Most farm suicide victims owned 5 acres or less, kin should get pension: Punjab assembly panel report



The Tribune Report By Ravinder Vasudeva 

Chandigarh: A Vidhan Sabha committee report has underlined that 76% of farmers who committed suicide in recent years in Punjab owned less than five acres of land, and recommended that families of all farm suicide victims should be given social security pensions.

Punjab farmer
  • Have a policy: Punjab should have agriculture policy framed in consultation with farm organisations. PAU should be provided more funds for research, and new clusters of villages should be formed to expose farmers to new techniques. The committee further advised to make smaller focal points where farmers can sell their produce at nearest possible places.

  • Fix MSP on own: State government should fix MSP for those crops for which the Centre has not, said the report. The MSP should be linked with inflation, farm inputs and savings of the farmer, the report recommended, adding that government should also provide subsidised seeds and pesticides. It also called for exempting seeds, pesticides and farm equipment from GST.

  • On tractors and weddings: Pointing out that buying of tractors and installation of tubewells by small and marginal farmers too is one of the biggest reasons behind increase in debt, report recommended the government urge farmers to opt for sharing. For those who have land less than 5 acres, government should sanction tubewells by making a group, it said. It also recommended a law to control expenditure on marriages by fixing number of guests and dishes.

  • Managing debt: Debt settlement and reconciliation commission to deal with disputes over loans; co-operative bank branch in each village; fixed interest rate on loans from private lenders; fixed interest on buying tractors and other equipment (5%); private banks should not fix loan limit as per land but look at other payback means too.

  • MNREGA umbrella: For farm labourers, the panel has recommended provision of 150 days of employment under the MNREGA, and provision of affordable educational facilities and health care.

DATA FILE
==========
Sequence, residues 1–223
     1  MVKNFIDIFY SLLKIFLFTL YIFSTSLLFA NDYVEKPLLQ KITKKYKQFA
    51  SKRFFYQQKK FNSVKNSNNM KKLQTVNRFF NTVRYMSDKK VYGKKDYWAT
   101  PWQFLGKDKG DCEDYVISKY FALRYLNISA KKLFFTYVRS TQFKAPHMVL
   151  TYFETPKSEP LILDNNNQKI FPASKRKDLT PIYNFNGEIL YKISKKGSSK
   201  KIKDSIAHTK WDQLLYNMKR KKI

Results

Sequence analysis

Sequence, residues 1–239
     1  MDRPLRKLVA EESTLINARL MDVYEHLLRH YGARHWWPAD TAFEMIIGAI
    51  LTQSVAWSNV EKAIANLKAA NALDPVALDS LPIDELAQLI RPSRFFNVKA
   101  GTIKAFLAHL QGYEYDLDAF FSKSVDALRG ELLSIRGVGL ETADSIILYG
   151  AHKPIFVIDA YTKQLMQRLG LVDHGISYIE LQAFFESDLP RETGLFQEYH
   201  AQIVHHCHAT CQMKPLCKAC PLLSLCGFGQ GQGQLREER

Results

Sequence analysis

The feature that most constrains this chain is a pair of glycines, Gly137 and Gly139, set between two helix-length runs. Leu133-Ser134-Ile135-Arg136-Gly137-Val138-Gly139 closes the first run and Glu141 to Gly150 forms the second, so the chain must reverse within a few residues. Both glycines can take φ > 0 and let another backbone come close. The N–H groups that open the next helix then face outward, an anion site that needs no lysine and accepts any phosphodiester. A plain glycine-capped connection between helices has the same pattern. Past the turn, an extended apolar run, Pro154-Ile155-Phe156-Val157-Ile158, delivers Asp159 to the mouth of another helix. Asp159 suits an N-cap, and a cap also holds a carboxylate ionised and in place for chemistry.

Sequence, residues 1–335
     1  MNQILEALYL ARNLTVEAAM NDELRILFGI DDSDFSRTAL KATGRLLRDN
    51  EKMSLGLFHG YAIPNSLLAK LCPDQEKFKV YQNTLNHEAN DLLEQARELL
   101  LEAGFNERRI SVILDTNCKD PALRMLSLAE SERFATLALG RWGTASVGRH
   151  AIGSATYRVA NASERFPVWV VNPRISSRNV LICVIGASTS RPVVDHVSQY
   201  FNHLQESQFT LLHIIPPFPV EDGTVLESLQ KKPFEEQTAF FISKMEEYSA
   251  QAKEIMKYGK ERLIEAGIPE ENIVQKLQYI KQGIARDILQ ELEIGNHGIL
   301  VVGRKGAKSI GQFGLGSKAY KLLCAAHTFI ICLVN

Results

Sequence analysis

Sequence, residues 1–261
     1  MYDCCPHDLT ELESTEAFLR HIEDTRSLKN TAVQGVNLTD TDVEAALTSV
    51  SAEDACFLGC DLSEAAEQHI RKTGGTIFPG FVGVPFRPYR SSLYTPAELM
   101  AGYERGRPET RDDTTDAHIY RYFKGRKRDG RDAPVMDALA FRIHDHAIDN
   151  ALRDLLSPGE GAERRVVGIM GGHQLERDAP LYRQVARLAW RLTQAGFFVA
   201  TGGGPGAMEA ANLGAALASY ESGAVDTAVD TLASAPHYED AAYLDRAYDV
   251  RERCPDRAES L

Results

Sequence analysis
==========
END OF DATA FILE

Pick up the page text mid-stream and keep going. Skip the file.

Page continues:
The report, tabled in the assembly on the last day of the budget session on Wednesday, detailed that “45.61% of the farmers who committed suicides were marginal farmers, having less than 2.5 acres of land, whereas 30.53% were small farmers, having land between 2.5 acres and 5 acres”, quoting a survey done by the Punjab Agricultural University (PAU), Ludhiana. It did not specify the timeline of this survey, though.

Among the 69 recommendations by the multi-party MLAs’ committee headed by Sukhbinder Singh Sarkaria of the ruling Congress are changes in the co-operative sector, emphasis on decreasing dependency on agriculture, and changes in sanctioning of loans.

For social security pensions recommended to be payable from the date of the suicide, “The condition of 2.5-acre landholding and annual income of (not more than) Rs 60,000 for widow pension and dependent pension should be waived in cases of family of farm suicide victims,” said the report. It added that the government should ensure that the education of the children of such victims “is not stopped for economic reasons”.

As for the existing provision of Rs 3 lakh compensation, the committee has recommended that Rs 1 lakh be given immediately and the remaining be given in the form of fixed deposits in banks. The condition of applying for it within 30 days should also be waived, it said.

The committee was constituted on June 19 last year by chief minister Captain Amarinder Singh during his reply to the governor’s address in the assembly. It met 53 times, visited families of victims, and consulted more than 36 farmer unions, besides experts at PAU and the Centre for Research in Rural and Industrial Development (CRRID), an autonomous research institute headquartered in Chandigarh.

Akali MLAs staged a walkout when the report was tabled, as party MLA Harinder Pal Chandumajra, who was part of the panel, said his dissenting report was not included.


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